New GOP Legislation To Make Mexican Drug Cartels Pay for Border Wall
House Republicans introduced legislation this week that would allow the federal government to use money and property seized from Mexican drug cartels to pay for border security, which could potentially break the gridlock in Washington over funding a wall.
Following President Donald Trump’s Oval Office address on Tuesday night, Rep. Jim Sensenbrenner of Wisconsin announced his plans to reintroduce the Build Up Illegal Line Defenses With Assets Lawfully Lifted (BUILD WALL) Act.
According to a news release from the Republican, “This legislation would direct money and assets seized from Mexican drug cartels to be used to increase border security between the U.S./Mexican border.
“In addition to building a physical wall, the funding may also be used to construct other types of barriers or to implement technology-supported solutions where appropriate,” the release said.
Sensenbrenner argued his legislation offers a way out of the stalemate over funding the construction of a border barrier.
“This commonsense legislation will provide the necessary funding to completely secure our southern border and cut off the flow of gang members and drugs into our country,” he said. “Best of all, this can be done with minimal cost to the American taxpayer.”
The congressman continued: “This bill would break through the stalemate of funding for border security, thereby providing a path to reopen the government. Congress should consider this legislation immediately so we can return to other important legislative business.”
Sensenbrenner’s bill is being co-sponsored by GOP Reps. Mark Meadows of North Carolina, Jeff Duncan of South Carolina, Phil Roe of Tennessee, Rob Bishop of Utan, Bob Gibbs of Ohio and Jody Hice of Georgia.
Sen. Ted Cruz, R-Texas, has pushed similar legislation in the Senate.
We can build the wall and make El Chapo pay for it…
Sign up NOW to become a citizen cosponsor of my EL CHAPO Act and make your voice heard: https://t.co/xBCc6dVaR2 pic.twitter.com/XQVD8AOa1W
— Ted Cruz (@tedcruz) January 7, 2019
Before leaving for a visit to the U.S.-Mexico border in Texas, Trump said he was prepared to declare a state of emergency if no deal could be reached on border funding.
However, he added he does not want to do so and offered maybe “something else comes up” that would break the current impasse.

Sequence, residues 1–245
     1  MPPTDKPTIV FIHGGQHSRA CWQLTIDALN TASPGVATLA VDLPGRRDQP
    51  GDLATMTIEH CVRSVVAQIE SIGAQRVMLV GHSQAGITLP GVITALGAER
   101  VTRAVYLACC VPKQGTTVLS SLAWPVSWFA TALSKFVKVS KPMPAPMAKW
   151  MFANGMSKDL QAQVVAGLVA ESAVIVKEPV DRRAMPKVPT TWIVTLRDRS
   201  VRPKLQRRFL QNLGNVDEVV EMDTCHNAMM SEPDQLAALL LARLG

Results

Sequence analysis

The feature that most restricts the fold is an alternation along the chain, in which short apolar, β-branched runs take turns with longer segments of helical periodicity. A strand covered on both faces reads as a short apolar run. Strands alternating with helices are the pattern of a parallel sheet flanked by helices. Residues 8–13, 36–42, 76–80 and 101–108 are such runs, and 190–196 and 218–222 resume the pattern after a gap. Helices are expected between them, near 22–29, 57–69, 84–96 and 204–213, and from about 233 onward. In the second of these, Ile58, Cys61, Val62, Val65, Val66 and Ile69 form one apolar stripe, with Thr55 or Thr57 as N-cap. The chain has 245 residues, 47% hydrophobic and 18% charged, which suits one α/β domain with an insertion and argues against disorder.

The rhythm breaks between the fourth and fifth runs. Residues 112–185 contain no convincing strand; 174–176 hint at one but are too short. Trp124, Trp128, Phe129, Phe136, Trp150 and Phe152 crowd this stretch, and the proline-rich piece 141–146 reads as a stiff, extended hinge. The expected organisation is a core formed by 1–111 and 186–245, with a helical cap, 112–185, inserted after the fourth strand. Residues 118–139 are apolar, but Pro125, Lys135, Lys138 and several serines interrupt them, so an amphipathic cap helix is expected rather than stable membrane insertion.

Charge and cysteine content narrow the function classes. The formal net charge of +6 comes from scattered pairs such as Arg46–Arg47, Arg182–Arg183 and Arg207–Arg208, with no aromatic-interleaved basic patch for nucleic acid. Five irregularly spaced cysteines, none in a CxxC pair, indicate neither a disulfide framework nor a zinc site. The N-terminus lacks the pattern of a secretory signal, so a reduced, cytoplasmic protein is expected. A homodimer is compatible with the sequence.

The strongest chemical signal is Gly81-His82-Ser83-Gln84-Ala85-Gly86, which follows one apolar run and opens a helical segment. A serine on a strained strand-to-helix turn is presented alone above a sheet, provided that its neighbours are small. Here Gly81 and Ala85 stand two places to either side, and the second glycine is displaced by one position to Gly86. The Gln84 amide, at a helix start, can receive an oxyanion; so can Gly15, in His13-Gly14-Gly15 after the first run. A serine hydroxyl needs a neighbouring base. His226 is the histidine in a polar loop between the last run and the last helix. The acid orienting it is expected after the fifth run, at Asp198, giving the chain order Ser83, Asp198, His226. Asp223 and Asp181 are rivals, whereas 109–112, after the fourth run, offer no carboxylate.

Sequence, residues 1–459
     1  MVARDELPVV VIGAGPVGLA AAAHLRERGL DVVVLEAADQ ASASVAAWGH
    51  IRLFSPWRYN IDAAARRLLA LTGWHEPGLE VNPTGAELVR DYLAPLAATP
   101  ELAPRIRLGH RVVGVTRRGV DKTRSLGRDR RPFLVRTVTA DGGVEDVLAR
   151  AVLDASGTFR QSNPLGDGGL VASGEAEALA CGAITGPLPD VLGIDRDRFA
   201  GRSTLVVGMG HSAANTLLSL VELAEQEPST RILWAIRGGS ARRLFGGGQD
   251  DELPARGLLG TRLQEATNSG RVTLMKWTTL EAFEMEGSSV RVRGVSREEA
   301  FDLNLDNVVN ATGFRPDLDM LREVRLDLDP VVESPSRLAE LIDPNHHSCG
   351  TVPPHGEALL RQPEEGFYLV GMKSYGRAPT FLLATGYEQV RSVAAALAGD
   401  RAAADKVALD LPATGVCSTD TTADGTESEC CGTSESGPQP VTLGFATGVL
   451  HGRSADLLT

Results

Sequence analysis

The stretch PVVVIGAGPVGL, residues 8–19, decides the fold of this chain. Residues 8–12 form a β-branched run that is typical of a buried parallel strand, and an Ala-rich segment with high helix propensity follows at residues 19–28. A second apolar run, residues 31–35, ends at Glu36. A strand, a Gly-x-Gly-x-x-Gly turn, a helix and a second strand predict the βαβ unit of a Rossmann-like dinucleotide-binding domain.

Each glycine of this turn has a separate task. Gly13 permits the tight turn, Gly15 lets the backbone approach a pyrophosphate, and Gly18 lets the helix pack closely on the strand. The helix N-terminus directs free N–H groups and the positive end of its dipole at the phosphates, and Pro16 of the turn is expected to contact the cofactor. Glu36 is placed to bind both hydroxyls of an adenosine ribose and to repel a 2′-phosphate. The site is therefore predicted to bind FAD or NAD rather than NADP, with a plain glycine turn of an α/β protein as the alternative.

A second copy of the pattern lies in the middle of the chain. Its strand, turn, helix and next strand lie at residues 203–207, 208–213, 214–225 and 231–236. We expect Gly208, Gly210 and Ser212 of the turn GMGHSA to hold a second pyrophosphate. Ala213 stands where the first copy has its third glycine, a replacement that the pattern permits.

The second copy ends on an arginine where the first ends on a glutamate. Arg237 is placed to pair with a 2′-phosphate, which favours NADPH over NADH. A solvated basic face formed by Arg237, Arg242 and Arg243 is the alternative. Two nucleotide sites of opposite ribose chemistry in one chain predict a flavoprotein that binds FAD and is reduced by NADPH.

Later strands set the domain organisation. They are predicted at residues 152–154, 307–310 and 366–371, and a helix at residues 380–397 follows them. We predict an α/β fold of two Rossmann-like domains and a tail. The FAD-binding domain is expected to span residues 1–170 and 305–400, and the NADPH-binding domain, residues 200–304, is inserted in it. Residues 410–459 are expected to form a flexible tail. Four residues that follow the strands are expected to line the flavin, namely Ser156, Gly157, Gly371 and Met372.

Through his 2016 presidential campaign, Trump pledged that Mexico would pay for the wall, and more recently he has suggested the renegotiated NAFTA trade deal, called USMCA, will be the means through which that happens.
During his Tuesday night Oval Office address, the president further contended, “The border wall would very quickly pay for itself. The cost of illegal drugs exceeds $500 billion a year.”
Trump argued there is a security crisis created by the nation’s unsecured border.
“In the last two years, ICE officers made 266,000 arrests of aliens with criminal records, including those charged or convicted of 100,000 assaults, 30,000 sex crimes, and 4,000 violent killings,” he said. “Over the years, thousands of Americans have been brutally killed by those who illegally entered our country, and thousands more lives will be lost if we don’t act right now.”
Trump also pointed to illegal drugs, saying “vast quantities” of meth, heroin, cocaine and fentanyl are coming in from Mexico.
.@POTUS at an roundtable with Border Patrol with seized guns and drugs before him. Seated on the right of the President is Reggie Singh, brother of fallen Police Officer Ronil Singh, killed by an illegal immigrant pic.twitter.com/JelpSTTi3H
— Saagar Enjeti (@esaagar) January 10, 2019
“Every week, 300 of our citizens are killed by heroin alone, 90 percent of which floods across from our southern border,” the president said. “More Americans will die from drugs this year than were killed in the entire Vietnam War.”
According to U.S. Customs and Border Protection, there were a total of 521,000 apprehensions at the southwest border in the 2018 fiscal year.
The number of apprehensions surged in the first two months of fiscal 2019 to approximately 60,700 in October and 62,500 in November. Those figures represent an over 10,000 person per month increase compared to fiscal 2018.
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